Wednesday, February 18, 2009

CSFF Blog Tour Day Three: Jeffrey Overstreet - Cyndere's Midnight: An Interview



Shane Deal: What inspired the characters of Cyndere and Jordam?

Jeffrey Overstreet: Jordam the Beastman is not a new character, actually. He's one of the monsters who appears in the first book, Auralia's Colors. I didn't want the beastmen to be just ordinary monsters. I wanted to suggest that even these bloodthirsty mutants have a longing for beauty and a thirst for healing, so I gave Jordam a scene in that first book just to hint at that.

But that wasn't enough for me. The image that kept coming back to me--the idea of Jordam discovering some of Auralia's creative expressions out in the wilderness, and being calmed and inspired by beauty. Just like King Kong is inspired by the woman he loves. I relate to that. Beauty calls out to Jordam just as the beauty of a painting, or a tree, or a sunset can make me stop in the middle of my distractions and take a deep breath.

Like any Beauty and the Beast story, there also had to be a beautiful woman. But Cyndere came later. I knew that it would take a brave woman to stand her ground and deal with Jordam. Most people would run screaming at the sight of him. So Cyndere came to be inspired by brave people who have been willing to give up their comforts and safety in order to to and help people in need. A friend of mine said that Cyndere's like Elizabeth Eliot, the missionary who returned to the tribe that had killed her husband and ministered to them. I hadn't thought of that. But I like that connection.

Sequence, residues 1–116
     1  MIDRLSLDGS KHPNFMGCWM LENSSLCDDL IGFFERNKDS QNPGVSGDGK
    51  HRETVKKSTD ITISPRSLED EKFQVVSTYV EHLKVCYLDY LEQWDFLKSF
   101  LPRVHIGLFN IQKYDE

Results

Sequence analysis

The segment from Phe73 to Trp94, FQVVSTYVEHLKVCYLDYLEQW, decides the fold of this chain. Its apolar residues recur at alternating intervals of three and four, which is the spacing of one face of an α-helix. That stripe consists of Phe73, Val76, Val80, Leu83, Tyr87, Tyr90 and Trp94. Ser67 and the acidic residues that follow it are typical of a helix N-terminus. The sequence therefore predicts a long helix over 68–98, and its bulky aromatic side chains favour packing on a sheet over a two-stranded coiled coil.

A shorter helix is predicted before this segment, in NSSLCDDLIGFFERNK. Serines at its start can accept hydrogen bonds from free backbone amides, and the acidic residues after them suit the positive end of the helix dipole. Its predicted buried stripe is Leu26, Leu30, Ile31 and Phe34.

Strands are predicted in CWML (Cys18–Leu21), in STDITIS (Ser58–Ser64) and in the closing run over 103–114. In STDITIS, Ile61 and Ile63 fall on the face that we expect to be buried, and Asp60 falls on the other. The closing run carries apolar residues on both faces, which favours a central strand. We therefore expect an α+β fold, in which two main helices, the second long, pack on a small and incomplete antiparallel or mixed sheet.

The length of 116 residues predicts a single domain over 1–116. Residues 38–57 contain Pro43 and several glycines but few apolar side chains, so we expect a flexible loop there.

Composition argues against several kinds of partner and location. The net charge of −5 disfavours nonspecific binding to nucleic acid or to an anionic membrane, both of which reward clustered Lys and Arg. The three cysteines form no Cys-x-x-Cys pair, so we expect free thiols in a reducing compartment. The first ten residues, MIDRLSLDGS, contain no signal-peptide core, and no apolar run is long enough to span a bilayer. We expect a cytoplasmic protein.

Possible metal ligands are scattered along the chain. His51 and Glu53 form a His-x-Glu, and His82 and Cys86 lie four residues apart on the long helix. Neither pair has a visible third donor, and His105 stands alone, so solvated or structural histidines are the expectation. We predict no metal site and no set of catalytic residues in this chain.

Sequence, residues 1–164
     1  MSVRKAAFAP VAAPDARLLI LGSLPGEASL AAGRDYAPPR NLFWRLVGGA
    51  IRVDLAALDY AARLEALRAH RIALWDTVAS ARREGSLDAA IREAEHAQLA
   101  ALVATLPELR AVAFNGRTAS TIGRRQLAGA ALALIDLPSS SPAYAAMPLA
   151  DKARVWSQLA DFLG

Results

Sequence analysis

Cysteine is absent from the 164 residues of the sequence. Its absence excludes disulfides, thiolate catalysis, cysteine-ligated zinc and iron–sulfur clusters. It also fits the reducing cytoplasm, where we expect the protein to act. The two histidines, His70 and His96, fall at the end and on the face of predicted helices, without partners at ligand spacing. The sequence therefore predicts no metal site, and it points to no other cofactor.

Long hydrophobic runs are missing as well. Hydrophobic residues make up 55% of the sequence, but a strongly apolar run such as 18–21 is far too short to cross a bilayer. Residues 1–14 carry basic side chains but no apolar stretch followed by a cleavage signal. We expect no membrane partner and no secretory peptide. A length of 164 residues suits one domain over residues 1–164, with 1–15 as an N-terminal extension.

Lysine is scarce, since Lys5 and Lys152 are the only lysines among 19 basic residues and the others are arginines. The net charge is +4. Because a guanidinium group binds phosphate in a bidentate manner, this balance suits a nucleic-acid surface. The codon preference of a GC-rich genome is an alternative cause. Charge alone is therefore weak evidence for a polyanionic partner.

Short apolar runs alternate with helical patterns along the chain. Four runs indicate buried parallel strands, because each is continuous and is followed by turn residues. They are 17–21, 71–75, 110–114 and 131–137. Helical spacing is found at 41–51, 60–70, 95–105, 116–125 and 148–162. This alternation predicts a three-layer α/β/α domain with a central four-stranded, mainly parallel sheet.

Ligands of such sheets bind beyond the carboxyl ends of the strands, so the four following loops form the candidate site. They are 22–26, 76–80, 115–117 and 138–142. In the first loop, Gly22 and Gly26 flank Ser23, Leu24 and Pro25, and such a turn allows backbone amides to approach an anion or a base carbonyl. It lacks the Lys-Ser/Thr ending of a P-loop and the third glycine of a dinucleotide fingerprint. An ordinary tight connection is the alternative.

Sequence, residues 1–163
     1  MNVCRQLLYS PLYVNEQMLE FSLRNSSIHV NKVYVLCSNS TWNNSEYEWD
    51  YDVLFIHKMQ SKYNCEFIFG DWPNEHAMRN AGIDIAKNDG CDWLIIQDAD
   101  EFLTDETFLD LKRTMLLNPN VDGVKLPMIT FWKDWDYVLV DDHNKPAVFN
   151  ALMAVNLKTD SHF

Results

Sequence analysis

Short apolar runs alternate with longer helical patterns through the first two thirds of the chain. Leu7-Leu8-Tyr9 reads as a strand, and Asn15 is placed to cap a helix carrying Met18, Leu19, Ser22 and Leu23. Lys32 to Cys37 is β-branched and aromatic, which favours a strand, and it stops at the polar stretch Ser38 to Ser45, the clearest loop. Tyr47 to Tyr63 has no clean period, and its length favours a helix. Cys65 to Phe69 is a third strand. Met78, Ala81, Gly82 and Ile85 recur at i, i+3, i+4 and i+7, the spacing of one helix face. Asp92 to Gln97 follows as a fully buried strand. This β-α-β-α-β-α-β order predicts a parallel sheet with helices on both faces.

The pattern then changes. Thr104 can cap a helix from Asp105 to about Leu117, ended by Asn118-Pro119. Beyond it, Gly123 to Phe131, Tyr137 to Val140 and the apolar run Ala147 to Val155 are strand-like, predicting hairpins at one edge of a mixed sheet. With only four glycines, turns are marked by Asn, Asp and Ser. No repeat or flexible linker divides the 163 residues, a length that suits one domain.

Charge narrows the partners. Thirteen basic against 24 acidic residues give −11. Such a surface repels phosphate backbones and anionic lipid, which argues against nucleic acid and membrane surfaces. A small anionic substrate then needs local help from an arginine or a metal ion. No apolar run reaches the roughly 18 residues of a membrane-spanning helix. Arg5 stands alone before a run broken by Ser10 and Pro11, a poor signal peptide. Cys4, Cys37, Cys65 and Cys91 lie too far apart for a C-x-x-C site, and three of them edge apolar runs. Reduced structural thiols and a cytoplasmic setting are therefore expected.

Shane Deal: Now that Cyndere's Midnight has been released for awhile, is there anything you wish you could go back and change?

Jeffrey Overstreet: Oh, that's a painful question. Yes, every time I read my published work, I see things I would change if I could. I have what you might call "the George Lucas itch." But Star Wars fans know what happens when you let the artist keep messing with things years after they've been published, right? It's probably better for me to just let those things go. I don't know... maybe someday I'll publish Cyndere's Midnight - The Director's Cut.